Just being curious, if you don’t mind, how would you “solve” the bottleneck?

For the DB, I don’t really know as I’ve never dealt with that scale. All my problems have been solvable with caching, better queries, and bigger hardware.


I could not disagree more. This answer is extremely not accurate semantically.

could they’ve handled the traffic?


would they’ve handled the traffic?

No Here I tend to agree.


I mean that the Elixir would not change their ability to handle such traffic.


Exactly this. The ability to “handle the traffic” depends very weekly on the language, and much more heavily on infrastructure, budget, etc.

As a result, questions like the one in this post are impossible to answer meaningfully.

In other words, my answer would be yes, they could have handled it, but no, they probably would not have handled it just by switching to Elixir with no other change. And then again, my answer would be the same for basically any language.


To add we don’t know why website crashed. If it was because there was a multi-threaded data race then Elixir would have helped because it’s impossible to have those in language where all data is immutable, like in every BEAM language. If it was because requests to backend timed out then language runtime that splits time between light weight processes/green threads more equally might help keep server responsive longer, like Go (especially new 1.14 that has preemptive scheduler) or anything running on BEAM like Elixir. But like Nicd wrote bottleneck is usually database or just overall design of the backend.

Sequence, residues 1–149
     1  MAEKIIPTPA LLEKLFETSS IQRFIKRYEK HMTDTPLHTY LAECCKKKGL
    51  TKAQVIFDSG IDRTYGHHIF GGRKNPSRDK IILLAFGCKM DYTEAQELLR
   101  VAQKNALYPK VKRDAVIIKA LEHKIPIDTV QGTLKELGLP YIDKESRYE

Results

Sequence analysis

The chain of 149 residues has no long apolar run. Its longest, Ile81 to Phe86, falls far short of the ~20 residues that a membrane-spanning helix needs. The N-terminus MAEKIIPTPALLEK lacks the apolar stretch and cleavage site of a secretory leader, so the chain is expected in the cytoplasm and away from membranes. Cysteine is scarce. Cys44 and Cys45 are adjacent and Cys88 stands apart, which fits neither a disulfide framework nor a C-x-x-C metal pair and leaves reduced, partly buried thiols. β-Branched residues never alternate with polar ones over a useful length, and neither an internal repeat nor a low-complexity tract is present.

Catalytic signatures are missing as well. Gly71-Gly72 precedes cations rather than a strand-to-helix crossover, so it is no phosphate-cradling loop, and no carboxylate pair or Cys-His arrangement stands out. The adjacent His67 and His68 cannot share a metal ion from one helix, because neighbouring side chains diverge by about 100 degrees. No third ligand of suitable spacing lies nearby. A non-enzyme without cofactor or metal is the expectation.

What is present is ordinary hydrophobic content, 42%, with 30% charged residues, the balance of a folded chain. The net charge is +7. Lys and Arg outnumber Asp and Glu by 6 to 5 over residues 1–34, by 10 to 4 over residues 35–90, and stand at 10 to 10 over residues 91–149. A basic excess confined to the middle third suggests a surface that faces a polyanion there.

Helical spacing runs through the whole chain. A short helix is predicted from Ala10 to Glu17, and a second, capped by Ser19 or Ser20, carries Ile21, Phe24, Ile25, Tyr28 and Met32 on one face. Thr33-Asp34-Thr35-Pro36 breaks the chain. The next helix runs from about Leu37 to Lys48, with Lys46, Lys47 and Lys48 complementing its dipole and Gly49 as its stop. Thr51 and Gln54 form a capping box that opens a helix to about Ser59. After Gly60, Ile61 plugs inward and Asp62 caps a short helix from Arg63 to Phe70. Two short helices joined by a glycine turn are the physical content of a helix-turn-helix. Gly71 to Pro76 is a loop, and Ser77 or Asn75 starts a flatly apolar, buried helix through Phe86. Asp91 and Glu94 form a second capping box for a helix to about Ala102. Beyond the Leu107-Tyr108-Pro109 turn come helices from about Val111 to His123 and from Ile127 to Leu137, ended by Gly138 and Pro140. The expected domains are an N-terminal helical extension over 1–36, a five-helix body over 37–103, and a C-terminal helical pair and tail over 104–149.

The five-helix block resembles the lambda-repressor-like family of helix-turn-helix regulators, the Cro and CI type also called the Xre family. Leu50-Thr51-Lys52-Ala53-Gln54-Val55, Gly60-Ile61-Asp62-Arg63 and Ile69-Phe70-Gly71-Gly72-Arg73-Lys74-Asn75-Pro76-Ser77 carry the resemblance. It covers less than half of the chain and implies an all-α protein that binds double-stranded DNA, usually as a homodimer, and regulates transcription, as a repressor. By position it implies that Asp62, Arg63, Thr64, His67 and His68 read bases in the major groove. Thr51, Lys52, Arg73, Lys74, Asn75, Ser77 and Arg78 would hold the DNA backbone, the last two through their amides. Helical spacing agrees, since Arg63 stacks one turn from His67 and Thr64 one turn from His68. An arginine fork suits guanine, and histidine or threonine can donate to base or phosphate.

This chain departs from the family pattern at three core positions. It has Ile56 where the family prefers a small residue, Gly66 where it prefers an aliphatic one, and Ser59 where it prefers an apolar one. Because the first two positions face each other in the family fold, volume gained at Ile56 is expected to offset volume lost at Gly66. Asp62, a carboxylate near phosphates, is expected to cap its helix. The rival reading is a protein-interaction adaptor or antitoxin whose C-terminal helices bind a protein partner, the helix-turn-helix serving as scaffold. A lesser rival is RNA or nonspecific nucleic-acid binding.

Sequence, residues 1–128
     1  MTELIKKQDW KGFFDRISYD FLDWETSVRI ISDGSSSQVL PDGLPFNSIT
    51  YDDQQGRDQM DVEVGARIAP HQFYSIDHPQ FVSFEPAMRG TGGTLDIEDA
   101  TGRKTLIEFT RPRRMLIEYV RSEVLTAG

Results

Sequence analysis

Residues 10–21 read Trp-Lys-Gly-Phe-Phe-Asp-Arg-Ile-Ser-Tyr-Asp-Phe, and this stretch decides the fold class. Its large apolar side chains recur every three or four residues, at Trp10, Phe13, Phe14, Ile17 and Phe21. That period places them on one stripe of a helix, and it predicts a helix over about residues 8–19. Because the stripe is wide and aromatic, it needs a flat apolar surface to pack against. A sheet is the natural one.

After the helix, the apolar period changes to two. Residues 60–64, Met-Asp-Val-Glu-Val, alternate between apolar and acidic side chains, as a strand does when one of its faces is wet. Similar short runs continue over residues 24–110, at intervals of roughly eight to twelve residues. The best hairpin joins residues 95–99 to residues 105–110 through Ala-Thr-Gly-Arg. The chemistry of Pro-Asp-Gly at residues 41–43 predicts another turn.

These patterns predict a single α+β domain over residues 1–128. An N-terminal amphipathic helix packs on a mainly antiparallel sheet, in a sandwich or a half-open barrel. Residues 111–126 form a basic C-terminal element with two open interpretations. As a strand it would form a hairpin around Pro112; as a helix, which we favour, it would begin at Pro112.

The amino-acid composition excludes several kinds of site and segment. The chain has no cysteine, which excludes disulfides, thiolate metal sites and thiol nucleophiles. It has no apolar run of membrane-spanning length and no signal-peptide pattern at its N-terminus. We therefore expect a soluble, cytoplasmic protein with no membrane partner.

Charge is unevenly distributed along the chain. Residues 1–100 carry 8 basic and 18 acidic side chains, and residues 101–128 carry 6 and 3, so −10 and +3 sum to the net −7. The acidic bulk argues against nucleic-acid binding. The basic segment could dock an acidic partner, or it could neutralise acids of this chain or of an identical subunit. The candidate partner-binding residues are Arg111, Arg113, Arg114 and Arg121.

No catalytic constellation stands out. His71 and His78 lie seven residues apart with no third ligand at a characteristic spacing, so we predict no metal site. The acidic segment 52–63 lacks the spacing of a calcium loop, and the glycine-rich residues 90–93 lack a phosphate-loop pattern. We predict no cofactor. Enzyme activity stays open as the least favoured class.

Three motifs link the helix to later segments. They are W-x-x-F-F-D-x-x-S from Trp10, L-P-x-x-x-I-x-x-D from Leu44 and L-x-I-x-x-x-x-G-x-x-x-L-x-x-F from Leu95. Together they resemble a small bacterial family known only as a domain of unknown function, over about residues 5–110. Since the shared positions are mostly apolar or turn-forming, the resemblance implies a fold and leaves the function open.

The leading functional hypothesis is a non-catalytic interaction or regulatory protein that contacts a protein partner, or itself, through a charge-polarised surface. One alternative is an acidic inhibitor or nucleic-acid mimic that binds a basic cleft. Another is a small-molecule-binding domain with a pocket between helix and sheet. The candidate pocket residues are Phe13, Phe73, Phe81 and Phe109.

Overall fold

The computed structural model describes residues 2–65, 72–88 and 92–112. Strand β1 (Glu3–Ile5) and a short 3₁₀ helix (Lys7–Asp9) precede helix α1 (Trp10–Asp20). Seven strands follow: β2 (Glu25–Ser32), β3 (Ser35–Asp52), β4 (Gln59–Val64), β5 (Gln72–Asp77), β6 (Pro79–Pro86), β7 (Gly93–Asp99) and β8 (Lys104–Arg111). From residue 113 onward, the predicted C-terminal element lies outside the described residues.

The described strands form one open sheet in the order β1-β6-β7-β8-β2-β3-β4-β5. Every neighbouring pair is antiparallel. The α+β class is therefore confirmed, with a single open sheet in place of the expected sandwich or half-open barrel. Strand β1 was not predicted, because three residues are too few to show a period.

More info about new Go:lang’s preemptive scheduler https://medium.com/a-journey-with-go/go-asynchronous-preemption-b5194227371c


Without knowing exactly why that happened, it’s anybody’s guess. It is however fairly unlikely that their language of choice is the key culprit (if at all one).